I don't understand why we have to see a piece of legislation like this come forward, and it's plain and simple, I think government is trying to show that they're tough on crime. Well this isn't the crime that most people are yelling out for government to be tough on, Madam Speaker. This isn't it. There's other crimes. Crimes that involve using a vehicle. I mean there's been so many examples in the last several years in this province that government needs to look at changing rules. Not because someone drove off with $50 or $60 worth of gas. People have died in accidents from stolen vehicles. That's the type of legislation the public wants to see that government's tough on crime with, not to discourage theft of gasoline. We should discourage the theft of anything because it's theft, it's a crime. Why are we dealing with one small aspect of it?

[Page 8946]

I know the member for Cole Harbour-Eastern Passage had asked why we are dealing with just this one area and how difficult it's going to be for lawyers and police officers to do their job to get a conviction on this. I spoke to one officer who said that all they would have to say is I forgot. Oh, I want to pay, I forgot, I want to pay for that. I don't see how this is going to help one bit to curb those individuals from gassing up and driving away from a service station. I don't see how this is going to help one bit. I truly believe those individuals who are doing it on purpose aren't doing it in their own vehicles, they're doing it with stolen vehicles, they're doing it with a vehicle they borrowed from somebody.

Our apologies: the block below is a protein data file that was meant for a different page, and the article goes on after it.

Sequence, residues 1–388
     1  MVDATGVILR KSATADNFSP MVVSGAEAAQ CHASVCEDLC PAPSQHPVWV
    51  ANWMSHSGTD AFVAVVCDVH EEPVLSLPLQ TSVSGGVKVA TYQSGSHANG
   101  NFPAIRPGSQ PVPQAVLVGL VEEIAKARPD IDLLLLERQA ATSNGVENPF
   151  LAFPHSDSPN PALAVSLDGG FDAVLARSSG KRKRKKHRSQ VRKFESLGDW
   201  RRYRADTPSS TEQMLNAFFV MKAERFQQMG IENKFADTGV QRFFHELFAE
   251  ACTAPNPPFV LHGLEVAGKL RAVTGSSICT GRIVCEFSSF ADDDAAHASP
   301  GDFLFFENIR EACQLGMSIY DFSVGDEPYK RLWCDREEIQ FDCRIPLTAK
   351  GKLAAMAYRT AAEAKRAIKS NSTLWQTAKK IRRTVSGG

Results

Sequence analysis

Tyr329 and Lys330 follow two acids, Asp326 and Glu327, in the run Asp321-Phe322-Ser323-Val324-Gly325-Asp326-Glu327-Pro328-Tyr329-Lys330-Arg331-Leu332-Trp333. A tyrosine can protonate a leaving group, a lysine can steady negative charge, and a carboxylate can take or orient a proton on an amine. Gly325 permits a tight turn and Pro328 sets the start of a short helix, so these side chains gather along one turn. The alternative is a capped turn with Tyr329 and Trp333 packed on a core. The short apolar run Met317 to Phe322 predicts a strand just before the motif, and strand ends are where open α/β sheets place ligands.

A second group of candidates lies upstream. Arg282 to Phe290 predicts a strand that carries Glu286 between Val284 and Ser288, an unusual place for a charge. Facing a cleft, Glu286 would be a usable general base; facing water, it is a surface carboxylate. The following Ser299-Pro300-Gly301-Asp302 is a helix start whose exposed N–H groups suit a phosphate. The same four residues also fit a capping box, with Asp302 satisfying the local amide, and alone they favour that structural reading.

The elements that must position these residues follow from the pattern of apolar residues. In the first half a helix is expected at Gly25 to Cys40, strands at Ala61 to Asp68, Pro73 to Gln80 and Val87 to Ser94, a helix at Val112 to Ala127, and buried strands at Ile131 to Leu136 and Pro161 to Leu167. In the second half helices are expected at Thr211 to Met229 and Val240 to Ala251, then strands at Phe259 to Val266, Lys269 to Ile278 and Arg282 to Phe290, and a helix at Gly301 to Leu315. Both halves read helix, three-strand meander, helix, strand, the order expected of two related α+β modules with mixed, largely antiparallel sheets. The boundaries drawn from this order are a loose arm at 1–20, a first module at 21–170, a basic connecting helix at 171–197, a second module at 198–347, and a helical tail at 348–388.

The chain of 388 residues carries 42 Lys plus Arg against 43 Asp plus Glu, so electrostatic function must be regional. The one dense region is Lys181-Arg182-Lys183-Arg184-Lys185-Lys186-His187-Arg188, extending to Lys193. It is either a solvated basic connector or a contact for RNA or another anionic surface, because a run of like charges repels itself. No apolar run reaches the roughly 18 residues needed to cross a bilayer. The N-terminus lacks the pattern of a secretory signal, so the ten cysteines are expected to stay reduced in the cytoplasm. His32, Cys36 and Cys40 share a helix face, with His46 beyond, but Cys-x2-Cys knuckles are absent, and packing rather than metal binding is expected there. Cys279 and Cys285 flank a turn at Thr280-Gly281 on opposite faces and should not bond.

I don't understand why we're dealing with this piece of legislation now, when we should be dealing with more serious crimes that are committed, especially using a motor vehicle. In this Bill No. 250 we're going to change the Motor Vehicle Act to allow for suspensions up to six months for the theft of gas. If you rob a corner store or a bank or a credit union with the use of a vehicle you lose your licence for life. Why aren't we seeing something like that? Why aren't we seeing that commitment from this government to be that tough on criminals?